Enter Mario Party 8… the latest Mario game that Cameron received for his 5th birthday.

Cameron absolutely LOVES this game and we have yet to face a temper tantrum. Here’s why:

The Premise
Mario Party 8 is essentially a big board game with mini games at the end of each turn. You roll the dice, move your squares, try to get to the star first and then, when everyone did their turn, you play a quick 1 to 2 minute mini game.

Set Game Length = No Tantrums
The number of turns is pre-defined at the beginning of the game, so you can set your child’s game to a quick 10 turns or a very very long 50 turns. It’s up to you and how generous you are feeling. Once those turns are done, the winner is announced and the game is done. This offers the perfect opportunity to pack it up until next time without any harsh interruptions.

Making and Allowing Choices
Instead of being forced in Mario, you get to choose from a rather large list of characters. Your child gets to choose their character, let friends choose theirs and even choose who the computer will be. This teaches your child that not everyone wants the same things that he/she does.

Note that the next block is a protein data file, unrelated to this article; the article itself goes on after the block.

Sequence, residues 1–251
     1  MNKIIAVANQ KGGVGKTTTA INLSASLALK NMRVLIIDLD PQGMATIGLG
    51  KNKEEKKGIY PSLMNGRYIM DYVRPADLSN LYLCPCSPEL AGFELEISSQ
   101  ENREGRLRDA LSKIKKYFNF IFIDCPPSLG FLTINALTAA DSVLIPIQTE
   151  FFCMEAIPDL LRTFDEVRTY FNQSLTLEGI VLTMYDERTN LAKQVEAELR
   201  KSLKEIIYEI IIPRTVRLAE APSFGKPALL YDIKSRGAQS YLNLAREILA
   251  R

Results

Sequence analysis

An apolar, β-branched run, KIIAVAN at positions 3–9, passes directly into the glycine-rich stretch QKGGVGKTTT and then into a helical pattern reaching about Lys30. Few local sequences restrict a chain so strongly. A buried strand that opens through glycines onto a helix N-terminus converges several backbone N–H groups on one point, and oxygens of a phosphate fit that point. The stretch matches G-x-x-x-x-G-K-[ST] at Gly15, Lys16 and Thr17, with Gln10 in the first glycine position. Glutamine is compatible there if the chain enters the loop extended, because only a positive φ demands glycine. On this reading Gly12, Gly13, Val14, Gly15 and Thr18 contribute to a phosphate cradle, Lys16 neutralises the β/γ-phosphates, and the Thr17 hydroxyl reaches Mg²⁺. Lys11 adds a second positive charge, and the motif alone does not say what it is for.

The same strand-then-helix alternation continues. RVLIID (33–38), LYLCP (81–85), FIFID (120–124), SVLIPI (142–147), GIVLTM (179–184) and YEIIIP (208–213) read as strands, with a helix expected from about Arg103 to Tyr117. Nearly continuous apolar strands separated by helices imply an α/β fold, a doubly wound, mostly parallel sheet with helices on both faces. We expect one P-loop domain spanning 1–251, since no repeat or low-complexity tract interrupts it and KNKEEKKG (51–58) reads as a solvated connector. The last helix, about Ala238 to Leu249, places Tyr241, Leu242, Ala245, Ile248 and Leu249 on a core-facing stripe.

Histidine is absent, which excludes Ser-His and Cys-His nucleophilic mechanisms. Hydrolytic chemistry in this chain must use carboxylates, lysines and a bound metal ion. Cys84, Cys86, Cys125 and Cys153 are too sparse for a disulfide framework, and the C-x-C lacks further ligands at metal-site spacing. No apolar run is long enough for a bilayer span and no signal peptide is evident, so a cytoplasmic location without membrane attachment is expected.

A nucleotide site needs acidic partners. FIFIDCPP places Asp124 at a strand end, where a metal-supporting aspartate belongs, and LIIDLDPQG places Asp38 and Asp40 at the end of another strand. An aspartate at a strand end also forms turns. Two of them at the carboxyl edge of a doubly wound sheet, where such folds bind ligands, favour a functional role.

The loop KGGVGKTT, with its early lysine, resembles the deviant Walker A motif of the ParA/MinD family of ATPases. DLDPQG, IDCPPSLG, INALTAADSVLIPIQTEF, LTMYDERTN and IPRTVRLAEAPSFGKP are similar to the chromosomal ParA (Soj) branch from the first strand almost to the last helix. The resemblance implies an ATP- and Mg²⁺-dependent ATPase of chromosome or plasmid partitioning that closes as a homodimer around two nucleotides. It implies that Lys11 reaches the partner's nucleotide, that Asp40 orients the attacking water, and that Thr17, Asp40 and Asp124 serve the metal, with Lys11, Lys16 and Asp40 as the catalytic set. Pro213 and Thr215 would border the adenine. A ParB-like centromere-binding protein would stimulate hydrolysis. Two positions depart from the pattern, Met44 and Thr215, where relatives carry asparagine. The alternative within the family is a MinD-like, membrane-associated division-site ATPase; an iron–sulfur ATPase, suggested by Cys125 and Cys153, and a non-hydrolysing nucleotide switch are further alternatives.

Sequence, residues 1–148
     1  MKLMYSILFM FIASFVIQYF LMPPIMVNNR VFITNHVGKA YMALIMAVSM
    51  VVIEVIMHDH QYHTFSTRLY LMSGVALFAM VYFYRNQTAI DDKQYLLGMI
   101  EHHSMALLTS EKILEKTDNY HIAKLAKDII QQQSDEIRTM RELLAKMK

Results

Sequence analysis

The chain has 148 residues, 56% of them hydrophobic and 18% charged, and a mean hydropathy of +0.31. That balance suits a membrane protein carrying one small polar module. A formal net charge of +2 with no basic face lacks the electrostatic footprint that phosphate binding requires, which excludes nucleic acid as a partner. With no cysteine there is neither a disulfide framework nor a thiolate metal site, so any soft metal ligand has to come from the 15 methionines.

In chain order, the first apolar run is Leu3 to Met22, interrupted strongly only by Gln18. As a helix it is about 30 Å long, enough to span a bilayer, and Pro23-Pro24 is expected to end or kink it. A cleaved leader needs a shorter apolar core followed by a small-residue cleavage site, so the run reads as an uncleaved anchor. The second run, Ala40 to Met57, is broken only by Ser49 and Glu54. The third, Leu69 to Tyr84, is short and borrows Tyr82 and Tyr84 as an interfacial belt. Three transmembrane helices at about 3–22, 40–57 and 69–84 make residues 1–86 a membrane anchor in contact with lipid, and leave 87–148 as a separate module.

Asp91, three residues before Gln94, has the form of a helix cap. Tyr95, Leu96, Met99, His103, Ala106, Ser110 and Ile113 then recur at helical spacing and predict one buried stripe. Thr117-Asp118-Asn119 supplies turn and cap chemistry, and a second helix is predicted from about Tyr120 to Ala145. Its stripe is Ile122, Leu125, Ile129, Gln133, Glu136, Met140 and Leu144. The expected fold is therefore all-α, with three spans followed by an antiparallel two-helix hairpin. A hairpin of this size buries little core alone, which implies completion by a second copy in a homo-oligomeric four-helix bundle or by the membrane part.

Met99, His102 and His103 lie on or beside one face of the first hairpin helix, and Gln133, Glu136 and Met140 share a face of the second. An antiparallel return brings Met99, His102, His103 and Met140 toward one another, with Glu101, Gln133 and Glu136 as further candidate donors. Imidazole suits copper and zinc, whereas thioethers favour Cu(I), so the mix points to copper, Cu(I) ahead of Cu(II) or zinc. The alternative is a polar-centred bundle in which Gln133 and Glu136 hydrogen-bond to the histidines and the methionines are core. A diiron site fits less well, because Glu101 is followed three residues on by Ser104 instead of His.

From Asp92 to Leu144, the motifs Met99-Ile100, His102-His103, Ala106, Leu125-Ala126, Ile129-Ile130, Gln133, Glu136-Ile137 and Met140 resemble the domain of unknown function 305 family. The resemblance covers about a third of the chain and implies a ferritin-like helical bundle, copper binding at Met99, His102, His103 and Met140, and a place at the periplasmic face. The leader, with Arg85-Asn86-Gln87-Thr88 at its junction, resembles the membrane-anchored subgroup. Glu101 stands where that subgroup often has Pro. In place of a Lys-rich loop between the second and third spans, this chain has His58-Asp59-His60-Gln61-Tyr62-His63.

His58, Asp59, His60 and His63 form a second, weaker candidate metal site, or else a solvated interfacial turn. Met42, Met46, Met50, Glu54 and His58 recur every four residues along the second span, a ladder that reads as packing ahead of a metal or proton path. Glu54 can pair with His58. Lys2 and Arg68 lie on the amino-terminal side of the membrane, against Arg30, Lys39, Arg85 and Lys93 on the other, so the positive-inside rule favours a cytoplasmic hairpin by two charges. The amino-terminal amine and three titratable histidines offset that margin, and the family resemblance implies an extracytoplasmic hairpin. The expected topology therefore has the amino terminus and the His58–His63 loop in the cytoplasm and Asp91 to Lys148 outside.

It can be very difficult for a young Autistic to understand that other people don’t want what they want… that they could possibly not pick Luigi when they picked Mario… they’re a perfect match, a team! It took Cameron a little while but then he learned and now understands that other children need to make their own choices.

Turn Taking
Once you’re playing, you’re forced into turn taking. There’s no grabbing at dice to take another turn.. the controls are given to the next player.. it’s set, no questioning it. You wait until your controller makes a noise and it’s your turn again.

Team Work
There are a huge number of mini games and each tests different skills. On top of this, it promotes team work as some games will be 4 on 4, but then some will also be 3 against 1 or 2 against 2. This means that you have to learn to work on your own, to work against everyone or be on a team with another person and work together.

Cameron can communicate most easily when he’s talking about something he loves and Mario is definitely one of those things. When he has a friend to play with, it’s easy for him to talk to him because he can show them what to do, teach them new things and get excited about game events as they happen together.

Level of Difficulty – Anyone Can Win
The game allows for people of different skill levels to play and everyone will have a chance to win. My wife and I can play with him and no matter how well we do, or he does, anyone could win. This means that your child has a chance at being super proud of beating his parents but it also means that they don’t have to take is so hard if beaten either because everyone gets a chance to win.

Fine Motor Skills